Charles Darwin 's Theory Of Evolution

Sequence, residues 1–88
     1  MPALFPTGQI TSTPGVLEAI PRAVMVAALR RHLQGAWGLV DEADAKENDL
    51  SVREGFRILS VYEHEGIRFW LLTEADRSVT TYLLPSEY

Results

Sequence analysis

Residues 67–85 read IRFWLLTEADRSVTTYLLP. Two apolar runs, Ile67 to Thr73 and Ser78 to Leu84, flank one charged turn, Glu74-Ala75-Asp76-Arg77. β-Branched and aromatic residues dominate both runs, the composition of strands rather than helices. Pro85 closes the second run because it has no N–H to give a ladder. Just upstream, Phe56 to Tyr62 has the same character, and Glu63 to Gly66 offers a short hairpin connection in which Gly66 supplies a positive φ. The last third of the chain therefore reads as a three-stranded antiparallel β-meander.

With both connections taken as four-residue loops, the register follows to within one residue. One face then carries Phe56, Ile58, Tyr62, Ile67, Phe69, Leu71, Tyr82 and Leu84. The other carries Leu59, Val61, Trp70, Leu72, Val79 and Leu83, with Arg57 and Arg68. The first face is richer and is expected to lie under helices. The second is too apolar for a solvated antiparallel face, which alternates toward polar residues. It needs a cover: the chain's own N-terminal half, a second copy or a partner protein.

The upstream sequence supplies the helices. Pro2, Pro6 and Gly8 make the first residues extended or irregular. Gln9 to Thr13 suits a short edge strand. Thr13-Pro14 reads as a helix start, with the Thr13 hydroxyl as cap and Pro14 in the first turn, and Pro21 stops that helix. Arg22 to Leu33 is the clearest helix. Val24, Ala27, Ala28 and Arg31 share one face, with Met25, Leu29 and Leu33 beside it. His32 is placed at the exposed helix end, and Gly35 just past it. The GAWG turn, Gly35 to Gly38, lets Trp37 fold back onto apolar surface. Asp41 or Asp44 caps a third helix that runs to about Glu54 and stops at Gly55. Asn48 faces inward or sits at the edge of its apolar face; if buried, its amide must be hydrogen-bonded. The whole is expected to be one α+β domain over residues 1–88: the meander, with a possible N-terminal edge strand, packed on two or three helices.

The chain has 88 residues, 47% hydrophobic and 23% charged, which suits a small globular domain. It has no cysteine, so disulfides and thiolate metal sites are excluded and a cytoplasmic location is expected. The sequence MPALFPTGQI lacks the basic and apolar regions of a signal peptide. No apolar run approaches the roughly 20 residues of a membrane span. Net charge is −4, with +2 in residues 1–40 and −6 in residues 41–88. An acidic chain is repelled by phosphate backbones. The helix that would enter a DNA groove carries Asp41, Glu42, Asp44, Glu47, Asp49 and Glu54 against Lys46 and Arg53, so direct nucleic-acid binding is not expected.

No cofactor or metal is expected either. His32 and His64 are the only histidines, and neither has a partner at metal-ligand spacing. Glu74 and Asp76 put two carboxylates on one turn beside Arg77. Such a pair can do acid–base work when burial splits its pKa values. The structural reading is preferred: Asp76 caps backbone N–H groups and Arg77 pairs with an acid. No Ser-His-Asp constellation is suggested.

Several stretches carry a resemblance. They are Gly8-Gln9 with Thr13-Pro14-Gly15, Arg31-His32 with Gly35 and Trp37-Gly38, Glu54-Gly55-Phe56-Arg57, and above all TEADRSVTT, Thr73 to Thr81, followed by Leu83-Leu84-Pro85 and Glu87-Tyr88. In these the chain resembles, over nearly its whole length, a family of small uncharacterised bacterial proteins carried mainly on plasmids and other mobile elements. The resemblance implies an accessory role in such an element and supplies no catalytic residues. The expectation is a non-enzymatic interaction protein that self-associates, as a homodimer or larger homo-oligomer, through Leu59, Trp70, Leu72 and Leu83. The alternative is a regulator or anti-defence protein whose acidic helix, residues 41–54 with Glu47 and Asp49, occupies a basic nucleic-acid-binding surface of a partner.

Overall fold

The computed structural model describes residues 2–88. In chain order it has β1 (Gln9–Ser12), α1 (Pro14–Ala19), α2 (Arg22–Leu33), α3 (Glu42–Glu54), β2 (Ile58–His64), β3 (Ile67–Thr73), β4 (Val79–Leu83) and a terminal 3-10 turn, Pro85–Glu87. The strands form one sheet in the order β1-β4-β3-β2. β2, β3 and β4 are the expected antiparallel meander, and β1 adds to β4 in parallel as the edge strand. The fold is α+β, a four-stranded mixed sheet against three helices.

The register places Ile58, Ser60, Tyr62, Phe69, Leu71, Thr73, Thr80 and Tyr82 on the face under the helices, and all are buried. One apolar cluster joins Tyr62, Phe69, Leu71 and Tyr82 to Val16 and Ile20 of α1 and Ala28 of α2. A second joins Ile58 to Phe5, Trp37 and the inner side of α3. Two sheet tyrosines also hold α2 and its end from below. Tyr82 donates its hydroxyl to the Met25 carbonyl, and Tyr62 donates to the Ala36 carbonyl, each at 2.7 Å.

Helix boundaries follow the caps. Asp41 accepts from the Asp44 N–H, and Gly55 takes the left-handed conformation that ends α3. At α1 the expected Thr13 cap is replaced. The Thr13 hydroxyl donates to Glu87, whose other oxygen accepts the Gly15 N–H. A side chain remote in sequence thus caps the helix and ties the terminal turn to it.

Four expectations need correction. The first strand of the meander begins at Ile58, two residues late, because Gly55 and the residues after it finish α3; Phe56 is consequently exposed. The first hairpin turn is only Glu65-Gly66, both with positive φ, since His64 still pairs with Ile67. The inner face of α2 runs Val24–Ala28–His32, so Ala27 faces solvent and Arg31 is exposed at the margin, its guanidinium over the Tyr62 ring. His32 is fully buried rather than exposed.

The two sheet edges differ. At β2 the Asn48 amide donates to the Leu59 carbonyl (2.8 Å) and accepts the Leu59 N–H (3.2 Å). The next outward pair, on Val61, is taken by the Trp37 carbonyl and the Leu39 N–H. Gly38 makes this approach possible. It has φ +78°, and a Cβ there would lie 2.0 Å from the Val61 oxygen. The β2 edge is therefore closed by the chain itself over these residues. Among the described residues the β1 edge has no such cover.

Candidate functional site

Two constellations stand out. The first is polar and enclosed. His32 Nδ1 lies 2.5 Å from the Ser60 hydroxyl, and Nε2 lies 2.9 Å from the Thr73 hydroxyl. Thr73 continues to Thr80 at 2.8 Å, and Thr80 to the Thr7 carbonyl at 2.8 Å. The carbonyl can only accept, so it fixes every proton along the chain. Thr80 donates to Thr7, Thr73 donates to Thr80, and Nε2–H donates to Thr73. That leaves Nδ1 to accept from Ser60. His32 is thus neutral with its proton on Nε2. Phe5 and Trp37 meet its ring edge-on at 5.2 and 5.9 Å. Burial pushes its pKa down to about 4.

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Charles Darwin’s Theory of Evolution is the most successful theory of it’s kind. Darwin’s idea of Natural Selection has found success not just in the organic world, but also in human society. This is no coincidence. After Darwin’s Beagle voyage, he returned to England during the Industrial Revolution. As a man of wealth, Darwin acted as a first-hand witness to the societal changes occurring around him. The Industrial Revolution, along with the corresponding economic theories played a large role in influencing Darwin’s theory of evolution. The Beagle voyage lasted for five years, during that time Darwin had no idea that London was going through a period of extreme urbanization. The city became a sewage filled wasteland where people lived in squalor, overcrowding paved the way for roaring epidemics, and the Thames River was so dirty it resembled “Monster Soup”. Darwin, being from a wealthy family, distanced himself from the poverty, which allowed him to see the enormous stratification of social classes. He connected what he saw in London, the competition for resources and the struggle for survival, and applied those ideas to the organic world as the basis for his evolutionary theory. The massive industrialization and it’s impact on the city of London created a new social dynamic, one that reflects itself in the animal kingdom. The Industrial Revolution was not the only cultural influence for Darwin. Many economic theories emerged at this time in correspondence with the
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